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Overriden VS Redefinition

 
Greenhorn
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Hello all,

In page 147 of the book we can see :
****************
class Animal {
static void doStuff() {
System.out.print("a ");
}
}
class Dog extends Animal {
static void doStuff() {
// it's a redefinition,
// not an override
System.out.print("d ");
}
public static void main(String [] args) {
Animal [] a = {new Animal(), new Dog(), new Animal()};
for(int x = 0; x < a.length; x++)
a[x].doStuff(); // invoke the static method
}
}
*******************
Running this code produces the output:
a a a

***********

I can't understand the difference between an ovverdie an redefinition in this case. For me it's clearly an override..but that is not legal for a static methode..
So is that piece of code legal or not?
How did you understood that ?
 
Ranch Hand
Posts: 225
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Hi Mustafa,

Their is a rule called "Static methods cannot be overridden"

so in this case its exactly the same. Remember that in case of
Animal a=new Dog(); this condition is true. In other case
such as you create a object for the class and try to access the method it works fine.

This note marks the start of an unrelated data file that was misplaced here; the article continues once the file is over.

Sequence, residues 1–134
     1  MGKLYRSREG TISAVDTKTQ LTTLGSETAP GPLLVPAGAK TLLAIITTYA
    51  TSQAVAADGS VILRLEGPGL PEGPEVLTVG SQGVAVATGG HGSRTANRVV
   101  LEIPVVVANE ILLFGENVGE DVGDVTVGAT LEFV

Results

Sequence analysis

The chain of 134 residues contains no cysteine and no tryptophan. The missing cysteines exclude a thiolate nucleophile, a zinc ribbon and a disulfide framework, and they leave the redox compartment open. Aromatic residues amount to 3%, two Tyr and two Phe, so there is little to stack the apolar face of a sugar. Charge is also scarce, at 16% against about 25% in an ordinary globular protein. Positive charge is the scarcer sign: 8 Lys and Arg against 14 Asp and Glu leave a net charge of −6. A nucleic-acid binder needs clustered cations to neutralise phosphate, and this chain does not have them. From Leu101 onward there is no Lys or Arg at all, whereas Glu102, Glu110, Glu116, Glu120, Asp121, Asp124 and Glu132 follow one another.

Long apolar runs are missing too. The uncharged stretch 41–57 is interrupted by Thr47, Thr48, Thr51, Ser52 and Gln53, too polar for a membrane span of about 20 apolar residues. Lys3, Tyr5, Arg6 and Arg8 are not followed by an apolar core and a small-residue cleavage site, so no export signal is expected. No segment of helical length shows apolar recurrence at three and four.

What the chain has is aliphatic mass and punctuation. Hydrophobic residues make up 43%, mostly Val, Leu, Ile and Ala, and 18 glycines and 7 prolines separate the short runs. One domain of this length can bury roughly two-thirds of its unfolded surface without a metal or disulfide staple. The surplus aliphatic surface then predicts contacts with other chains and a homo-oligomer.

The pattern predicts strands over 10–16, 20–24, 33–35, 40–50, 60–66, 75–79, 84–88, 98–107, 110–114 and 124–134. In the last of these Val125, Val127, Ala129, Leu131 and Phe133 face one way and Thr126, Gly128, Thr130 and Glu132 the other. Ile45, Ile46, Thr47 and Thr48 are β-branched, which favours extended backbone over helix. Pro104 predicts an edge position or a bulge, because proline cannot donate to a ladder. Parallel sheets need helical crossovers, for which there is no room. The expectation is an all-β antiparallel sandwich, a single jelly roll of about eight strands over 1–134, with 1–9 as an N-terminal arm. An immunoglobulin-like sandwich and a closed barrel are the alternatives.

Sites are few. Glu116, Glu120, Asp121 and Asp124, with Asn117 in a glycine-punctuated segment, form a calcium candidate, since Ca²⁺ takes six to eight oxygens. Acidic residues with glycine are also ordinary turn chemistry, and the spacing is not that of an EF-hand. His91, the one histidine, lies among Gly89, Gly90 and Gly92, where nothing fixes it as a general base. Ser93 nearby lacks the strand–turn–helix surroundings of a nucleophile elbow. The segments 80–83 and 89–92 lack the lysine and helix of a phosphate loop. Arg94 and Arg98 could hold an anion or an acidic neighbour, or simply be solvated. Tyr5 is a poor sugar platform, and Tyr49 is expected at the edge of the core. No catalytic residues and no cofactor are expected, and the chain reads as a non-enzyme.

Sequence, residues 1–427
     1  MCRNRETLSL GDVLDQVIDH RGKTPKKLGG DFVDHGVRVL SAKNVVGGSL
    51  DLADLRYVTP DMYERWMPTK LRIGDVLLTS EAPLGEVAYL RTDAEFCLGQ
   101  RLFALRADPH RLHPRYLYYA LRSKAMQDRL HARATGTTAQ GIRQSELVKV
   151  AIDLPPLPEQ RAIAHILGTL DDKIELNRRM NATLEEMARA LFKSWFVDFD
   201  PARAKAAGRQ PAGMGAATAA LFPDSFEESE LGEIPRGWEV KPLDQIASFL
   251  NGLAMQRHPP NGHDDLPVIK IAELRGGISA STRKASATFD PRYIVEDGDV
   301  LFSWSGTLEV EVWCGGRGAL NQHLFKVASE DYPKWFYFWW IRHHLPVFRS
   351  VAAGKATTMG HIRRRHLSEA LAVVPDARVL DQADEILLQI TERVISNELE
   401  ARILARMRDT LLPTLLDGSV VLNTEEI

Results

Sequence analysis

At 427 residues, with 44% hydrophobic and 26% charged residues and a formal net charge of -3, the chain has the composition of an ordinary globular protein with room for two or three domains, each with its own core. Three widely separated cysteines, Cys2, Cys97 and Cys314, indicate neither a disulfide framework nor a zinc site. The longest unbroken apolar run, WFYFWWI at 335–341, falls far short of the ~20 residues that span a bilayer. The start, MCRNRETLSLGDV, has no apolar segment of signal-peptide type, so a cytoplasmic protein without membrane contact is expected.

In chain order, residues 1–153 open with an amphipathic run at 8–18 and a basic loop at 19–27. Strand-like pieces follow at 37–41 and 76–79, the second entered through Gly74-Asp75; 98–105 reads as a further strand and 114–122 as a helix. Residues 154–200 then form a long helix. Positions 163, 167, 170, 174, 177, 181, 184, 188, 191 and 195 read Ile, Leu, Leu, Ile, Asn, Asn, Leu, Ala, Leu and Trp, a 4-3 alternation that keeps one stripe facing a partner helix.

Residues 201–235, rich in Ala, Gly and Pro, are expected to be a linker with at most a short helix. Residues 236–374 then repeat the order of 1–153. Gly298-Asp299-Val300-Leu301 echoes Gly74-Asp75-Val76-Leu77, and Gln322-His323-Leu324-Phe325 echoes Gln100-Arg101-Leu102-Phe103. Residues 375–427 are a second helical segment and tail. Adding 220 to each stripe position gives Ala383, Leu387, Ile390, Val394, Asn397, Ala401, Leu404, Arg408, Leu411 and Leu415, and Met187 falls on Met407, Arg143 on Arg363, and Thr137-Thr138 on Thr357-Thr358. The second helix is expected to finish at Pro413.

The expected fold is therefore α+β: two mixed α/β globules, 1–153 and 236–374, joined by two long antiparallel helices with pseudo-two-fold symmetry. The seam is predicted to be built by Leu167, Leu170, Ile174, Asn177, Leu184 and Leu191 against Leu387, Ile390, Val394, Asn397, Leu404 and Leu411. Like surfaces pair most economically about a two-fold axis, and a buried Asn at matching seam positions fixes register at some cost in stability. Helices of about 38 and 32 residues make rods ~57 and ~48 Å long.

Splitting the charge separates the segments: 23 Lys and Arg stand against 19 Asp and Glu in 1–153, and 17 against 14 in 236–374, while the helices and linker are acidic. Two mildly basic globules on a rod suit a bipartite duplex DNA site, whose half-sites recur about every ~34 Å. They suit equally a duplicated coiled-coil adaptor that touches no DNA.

What i exactly mean by that is


Animal ob=new Animal()
Dog ob1=new Dog()

ob.dostuff();//Animal dostuff is called
ob1.dostuff();//dog dostuff is called

here as we are using the exact reference the dostuff()corresponding class is called.

So finally as static generally applies for a particular class "Static methods cannot be overridden".And hence it cannot be called as overriding its redefinition of method.


Hope this helps you...
[ September 28, 2007: Message edited by: srinivas sridaragaddi ]
 
Greenhorn
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doStuff() in animal class and doStuff() in Dog class are two different static methods. These two are different methods having same name.
And as they are static methods you need class name to access those methods.

In your code, you are using 'a[x].doStuff();' where 'a' represents Animal array. So always doStuff() of Animal class is called.

Hence its called Redefining and Not Overridding.
 
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